Human teeth are meant to be very strong, but they're not indestructible! Over the years and through misuse of your teeth, the protective surface of teeth can wear down, so they could eventually chip or suffer cavities. It might also be easier to break a tooth or have it get knocked from your mouth than you realize. To protect your teeth every day, note a few simple tips, and talk to your dentist about other suggestions he or she might have as well.
Back up and be careful
If you tend to drive with the seat pulled very close to the steering wheel, it's time to back up. Not only can an airbag cause injury during a collision, but hitting your mouth on the steering wheel can also damage your teeth. Do the same for any type of seating that isn't necessarily secure; if you have a rolling office chair, for example, replace it with something that isn't likely to come out from under you. At the very least, back up from the desk a few inches or centimetres to protect your teeth in case of a sudden fall.
Consider, too, how careful you are going up and down stairs. If you were to fall on a staircase, you could hit the front of your face and easily chip or lose a tooth. Take your time, use the handrail, and avoid carrying large or bulky objects when on the stairs to protect yourself from injury and to protect your teeth.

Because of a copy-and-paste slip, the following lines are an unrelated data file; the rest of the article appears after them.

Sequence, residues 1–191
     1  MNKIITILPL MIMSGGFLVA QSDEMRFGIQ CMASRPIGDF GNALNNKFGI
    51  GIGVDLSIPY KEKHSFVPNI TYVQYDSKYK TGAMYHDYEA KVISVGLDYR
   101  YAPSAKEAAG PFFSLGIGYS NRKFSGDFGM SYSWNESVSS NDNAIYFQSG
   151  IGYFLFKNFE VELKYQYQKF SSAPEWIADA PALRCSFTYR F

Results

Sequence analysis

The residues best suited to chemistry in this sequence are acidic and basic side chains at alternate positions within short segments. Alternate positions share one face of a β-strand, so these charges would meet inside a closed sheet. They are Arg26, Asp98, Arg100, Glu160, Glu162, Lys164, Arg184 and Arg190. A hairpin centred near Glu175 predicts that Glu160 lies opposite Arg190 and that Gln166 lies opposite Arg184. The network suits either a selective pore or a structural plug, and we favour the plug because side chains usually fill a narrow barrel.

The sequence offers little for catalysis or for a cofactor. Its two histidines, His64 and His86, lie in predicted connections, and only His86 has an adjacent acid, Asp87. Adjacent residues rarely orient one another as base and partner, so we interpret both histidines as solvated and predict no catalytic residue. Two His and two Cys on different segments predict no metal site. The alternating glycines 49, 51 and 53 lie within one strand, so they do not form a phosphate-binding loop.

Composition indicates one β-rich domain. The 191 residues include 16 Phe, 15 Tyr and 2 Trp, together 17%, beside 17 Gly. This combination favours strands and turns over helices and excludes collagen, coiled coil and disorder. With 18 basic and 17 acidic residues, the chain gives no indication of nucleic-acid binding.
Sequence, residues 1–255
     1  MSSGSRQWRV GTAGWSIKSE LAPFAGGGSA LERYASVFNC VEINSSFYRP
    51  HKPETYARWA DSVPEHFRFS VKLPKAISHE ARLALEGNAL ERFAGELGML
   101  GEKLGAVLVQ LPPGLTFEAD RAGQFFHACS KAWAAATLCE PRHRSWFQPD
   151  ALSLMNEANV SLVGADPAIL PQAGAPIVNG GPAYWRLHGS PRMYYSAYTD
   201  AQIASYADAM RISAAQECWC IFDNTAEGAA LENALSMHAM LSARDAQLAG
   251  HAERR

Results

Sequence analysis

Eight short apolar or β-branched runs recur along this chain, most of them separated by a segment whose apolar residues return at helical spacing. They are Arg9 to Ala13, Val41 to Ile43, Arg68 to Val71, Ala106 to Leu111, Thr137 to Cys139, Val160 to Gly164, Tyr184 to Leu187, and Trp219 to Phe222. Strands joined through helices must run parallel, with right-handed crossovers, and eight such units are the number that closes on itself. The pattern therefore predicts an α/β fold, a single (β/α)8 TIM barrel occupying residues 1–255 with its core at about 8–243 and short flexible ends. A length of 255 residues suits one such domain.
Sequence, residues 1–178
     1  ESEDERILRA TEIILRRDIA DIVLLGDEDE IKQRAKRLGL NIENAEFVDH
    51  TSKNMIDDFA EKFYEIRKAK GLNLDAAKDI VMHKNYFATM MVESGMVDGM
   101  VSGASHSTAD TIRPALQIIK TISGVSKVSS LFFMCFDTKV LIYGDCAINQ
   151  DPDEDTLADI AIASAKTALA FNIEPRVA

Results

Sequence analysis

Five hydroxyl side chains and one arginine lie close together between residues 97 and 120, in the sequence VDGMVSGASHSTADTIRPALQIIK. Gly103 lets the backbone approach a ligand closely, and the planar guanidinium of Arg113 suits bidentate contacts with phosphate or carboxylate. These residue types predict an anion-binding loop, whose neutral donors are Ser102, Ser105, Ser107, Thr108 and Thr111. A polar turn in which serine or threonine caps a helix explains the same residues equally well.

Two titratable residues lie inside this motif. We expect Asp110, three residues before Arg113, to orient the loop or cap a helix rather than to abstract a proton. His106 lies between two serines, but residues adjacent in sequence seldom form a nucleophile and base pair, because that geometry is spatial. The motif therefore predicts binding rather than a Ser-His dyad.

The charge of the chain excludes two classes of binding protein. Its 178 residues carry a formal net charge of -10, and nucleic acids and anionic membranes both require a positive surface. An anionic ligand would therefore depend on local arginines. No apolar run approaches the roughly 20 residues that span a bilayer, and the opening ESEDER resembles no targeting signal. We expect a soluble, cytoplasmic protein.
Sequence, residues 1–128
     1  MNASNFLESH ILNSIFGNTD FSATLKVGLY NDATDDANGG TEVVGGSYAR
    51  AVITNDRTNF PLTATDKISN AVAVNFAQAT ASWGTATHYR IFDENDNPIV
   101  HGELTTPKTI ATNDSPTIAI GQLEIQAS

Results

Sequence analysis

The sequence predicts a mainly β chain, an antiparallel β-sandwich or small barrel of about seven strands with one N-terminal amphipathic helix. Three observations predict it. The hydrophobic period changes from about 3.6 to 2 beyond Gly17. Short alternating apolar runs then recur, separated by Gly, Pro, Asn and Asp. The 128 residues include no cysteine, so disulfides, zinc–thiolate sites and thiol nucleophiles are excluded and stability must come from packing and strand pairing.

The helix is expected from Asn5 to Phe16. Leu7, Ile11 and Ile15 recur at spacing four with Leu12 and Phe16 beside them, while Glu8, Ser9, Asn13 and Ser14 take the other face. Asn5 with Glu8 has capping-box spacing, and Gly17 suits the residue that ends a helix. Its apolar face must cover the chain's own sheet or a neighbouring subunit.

Get them straightened
If your teeth are crooked, or if you know that your teeth are always grinding against each other, you might think about having them straightened. Teeth that push against each other can wear down very easily, increasing to the risk of cracks and chips. Straightening teeth, especially if it's just a few that need attention, may be faster, cheaper and far less uncomfortable than you realize, so talk to a cosmetic dentist about your options.
Don't chew on anything other than food
Because teeth are not indestructible, you want to avoid using them for anything other than eating. This means no opening of cans with your teeth, and don't hold anything between your teeth to tear it open. Not only can you chip your teeth this way, but chemicals and other materials may linger on the teeth and cause damage to the enamel. Chewing tobacco and sugared gum can also cause damage because they're both so acidic, so avoid these as much as possible.